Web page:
Simango has been vocal about wanting Trump and anyone else who does not believe in the urgent need to address climate change to see the damage to his city. The World Bank is working on a massive drainage system in Beira to try to help the city deal with environmental crises.

“The [World Bank’s] mission is clear of poverty alleviation and of shared prosperity, and that includes living standards rising. That includes environmental and climate activity by the bank,” Malpass said, noting Simango told him the drainage system was a “lifesaver.”

Trump has taken actions to boost the U.S. coal industry, and some development experts were concerned Malpass might reverse the bank’s preference not to fund any more coal-fired power plants in developing countries. But Malpass made it clear he would not alter this, either.

“There aren’t any plans for changing policy in that area,” he said when asked about coal.

The World Bank estimates 736 million people were living in deep poverty in 2015, defined as less than $1.90 a day. That is about 10 percent of the global population, and there is a worldwide push to reduce that to 3 percent by 2030 as part of the United Nations Sustainable Development Goals.

Malpass called it a good aspiration but would not commit to hitting that target.

“The numbers are challenging. One of the challenges right now is, with global growth being slower, it’s harder to achieve the exact goals,” he said. “Whether the 3 percent is reachable depends, to some extent, what’s your growth forecast over the next five years for Europe, for the U.S., for China, for the major economies.”

World Bank economists predict slowing growth this year, largely because of less trade. Malpass, a former chief economist at a Wall Street firm, would not criticize Trump’s trade war specifically but did say there was a negative effect on growth.

“Uncertainty on trade has a slowing effect on the economy,” he said. “When there’s uncertainty about the trade environment, then it makes it harder to make a long-term investment.”

Some development experts are frustrated that Malpass is not more vocal in calling for more aid for the poorest nations, which they believe is key to making progress toward the 3 percent deep poverty goal. Some also worry that Malpass does not seem interested in pushing for universal health care.

“Unless we can increase the share of money going to the bottom 20 percent, there is no prospect of realizing the targets for poverty elimination. Malpass needs to be speaking much more about redistributive growth,” Watkins said.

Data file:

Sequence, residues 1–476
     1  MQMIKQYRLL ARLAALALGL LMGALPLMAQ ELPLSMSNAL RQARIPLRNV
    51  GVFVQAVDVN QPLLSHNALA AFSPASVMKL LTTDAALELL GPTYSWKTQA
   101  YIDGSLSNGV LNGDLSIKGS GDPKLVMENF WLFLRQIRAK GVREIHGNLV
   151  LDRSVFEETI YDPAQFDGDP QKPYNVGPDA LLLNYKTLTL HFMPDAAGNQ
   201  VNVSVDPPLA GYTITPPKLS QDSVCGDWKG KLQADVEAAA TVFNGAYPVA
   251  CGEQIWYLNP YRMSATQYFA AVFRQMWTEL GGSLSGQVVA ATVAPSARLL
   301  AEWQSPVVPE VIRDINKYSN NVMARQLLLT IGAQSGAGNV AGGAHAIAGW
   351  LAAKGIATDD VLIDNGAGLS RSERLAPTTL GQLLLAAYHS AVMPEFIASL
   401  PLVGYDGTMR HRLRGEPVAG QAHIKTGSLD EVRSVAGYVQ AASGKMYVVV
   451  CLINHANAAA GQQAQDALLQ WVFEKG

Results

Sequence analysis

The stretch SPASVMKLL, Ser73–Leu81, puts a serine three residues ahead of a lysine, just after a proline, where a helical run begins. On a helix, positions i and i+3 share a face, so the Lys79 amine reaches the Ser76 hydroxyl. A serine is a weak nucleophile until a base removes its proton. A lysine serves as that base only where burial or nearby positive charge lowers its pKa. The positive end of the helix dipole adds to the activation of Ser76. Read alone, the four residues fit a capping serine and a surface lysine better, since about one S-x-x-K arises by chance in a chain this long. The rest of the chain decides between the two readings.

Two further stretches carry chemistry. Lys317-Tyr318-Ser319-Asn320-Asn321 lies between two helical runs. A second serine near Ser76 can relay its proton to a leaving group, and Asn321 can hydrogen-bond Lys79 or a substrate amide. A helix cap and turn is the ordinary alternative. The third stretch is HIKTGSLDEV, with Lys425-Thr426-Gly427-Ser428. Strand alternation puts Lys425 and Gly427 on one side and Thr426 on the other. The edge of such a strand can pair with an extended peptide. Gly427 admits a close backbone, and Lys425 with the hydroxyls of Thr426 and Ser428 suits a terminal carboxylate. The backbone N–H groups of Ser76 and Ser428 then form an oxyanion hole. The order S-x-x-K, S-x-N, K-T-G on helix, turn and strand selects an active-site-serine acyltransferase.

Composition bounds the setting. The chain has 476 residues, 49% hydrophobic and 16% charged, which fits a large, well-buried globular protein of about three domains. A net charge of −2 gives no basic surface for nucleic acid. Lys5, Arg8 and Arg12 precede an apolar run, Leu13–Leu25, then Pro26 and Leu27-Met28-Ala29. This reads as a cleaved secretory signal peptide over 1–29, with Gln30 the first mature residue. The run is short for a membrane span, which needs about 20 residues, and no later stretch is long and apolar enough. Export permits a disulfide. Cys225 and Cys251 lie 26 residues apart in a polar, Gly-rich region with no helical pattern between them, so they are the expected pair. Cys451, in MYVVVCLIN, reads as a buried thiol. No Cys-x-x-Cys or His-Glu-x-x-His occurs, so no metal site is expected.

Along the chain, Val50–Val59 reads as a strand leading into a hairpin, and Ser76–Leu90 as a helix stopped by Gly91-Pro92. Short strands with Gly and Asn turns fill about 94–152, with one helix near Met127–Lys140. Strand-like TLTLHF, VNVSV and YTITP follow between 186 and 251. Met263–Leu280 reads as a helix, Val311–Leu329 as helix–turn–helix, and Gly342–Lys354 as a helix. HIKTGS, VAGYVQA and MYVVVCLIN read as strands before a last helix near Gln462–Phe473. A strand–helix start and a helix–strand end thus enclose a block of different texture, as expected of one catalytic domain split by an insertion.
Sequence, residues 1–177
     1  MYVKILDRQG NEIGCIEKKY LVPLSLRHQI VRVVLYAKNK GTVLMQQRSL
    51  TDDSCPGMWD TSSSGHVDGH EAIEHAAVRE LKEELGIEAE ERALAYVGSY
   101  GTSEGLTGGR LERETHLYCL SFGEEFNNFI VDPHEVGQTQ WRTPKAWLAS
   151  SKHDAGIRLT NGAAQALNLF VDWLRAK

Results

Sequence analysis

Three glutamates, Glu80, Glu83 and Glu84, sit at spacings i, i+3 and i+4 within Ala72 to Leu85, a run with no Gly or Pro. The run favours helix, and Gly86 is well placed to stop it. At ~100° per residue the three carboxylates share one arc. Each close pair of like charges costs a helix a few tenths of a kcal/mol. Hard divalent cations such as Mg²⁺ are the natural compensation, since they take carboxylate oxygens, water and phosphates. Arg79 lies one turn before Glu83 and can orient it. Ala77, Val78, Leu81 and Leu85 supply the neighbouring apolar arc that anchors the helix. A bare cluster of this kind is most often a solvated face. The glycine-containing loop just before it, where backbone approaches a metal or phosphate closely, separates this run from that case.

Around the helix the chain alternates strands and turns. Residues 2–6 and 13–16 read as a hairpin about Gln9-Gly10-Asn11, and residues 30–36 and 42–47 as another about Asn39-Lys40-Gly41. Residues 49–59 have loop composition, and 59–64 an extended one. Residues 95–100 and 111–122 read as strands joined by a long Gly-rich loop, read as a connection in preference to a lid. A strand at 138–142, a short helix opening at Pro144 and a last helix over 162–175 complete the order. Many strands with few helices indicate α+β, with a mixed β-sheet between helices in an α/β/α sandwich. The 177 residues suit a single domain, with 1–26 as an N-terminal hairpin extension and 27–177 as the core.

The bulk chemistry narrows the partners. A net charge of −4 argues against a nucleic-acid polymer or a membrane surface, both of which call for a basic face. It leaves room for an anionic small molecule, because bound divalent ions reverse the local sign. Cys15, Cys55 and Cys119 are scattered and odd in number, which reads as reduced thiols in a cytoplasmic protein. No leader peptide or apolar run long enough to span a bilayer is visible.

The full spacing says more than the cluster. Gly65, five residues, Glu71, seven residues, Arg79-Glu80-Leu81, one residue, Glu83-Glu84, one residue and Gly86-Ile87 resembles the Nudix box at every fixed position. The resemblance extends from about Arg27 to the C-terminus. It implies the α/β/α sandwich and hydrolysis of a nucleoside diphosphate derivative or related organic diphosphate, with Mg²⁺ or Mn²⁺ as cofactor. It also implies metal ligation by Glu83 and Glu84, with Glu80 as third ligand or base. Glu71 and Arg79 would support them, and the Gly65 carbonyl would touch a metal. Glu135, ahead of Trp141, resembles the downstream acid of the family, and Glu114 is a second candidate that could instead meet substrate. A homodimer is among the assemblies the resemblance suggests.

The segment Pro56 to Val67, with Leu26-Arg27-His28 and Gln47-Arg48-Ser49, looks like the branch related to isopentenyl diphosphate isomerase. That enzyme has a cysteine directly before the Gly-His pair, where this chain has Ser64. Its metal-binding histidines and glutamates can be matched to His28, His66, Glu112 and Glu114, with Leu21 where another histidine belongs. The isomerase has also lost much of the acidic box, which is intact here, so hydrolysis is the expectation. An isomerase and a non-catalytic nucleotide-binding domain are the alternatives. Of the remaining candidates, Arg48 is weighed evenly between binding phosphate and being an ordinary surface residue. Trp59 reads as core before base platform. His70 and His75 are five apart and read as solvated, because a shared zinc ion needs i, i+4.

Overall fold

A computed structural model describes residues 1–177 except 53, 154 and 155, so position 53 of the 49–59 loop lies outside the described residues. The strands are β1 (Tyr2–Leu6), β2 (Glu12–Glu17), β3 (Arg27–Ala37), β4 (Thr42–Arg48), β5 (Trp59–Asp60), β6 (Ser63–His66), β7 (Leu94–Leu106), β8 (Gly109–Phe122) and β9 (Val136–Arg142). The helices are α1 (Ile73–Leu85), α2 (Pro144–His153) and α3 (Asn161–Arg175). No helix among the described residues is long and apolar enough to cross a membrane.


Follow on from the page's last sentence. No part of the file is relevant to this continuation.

There has also been a lot of attention on whether Malpass would push for the World Bank to scale back its lending to China now that it is the world’s second-largest economy and in Trump’s crosshairs on trade.

He stressed that he sees no need to deviate from the latest agreement the bank struck before he arrived to increase borrowing costs for wealthier nations, including China. The widespread expectation is that World Bank lending to China will gradually decline.

“We have a very constructive relationship with China,” said Malpass, who recently met with Chinese Premier Li Keqiang.

He called China’s progress on poverty reduction a “remarkable achievement” and said the Asian Infrastructure Investment Bank, which opened three years ago in Beijing and is often viewed as a World Bank rival, is “in general a constructive force” and partner.

The one area Malpass has already been outspoken on is calling for more transparency in the loans China is making to developing countries through its Belt and Road Initiative, a goal many economists and financiers share as it can be hard to decide whether to lend to an African nation when it is not clear what China has already given the country — or what the terms of the loan are.

“China’s involvement in developing countries grew very rapidly. And that causes challenges in transparency, in record-keeping, in the quality of the projects,” Malpass said. “I think they’re making some progress on that, and that’s clearly one of the areas that can be improved.”

But perhaps the biggest surprise of Malpass’s tenure so far is that he is not pushing for a major reorganization at the World Bank as his immediate predecessor did, a move that caused alarm among staff. His focus has been on how to improve work at the country level.

“It’s early days, but I’m cautiously optimistic about Malpass based on what I’ve seen,” said Masood Ahmed, president of the Center for Global Development.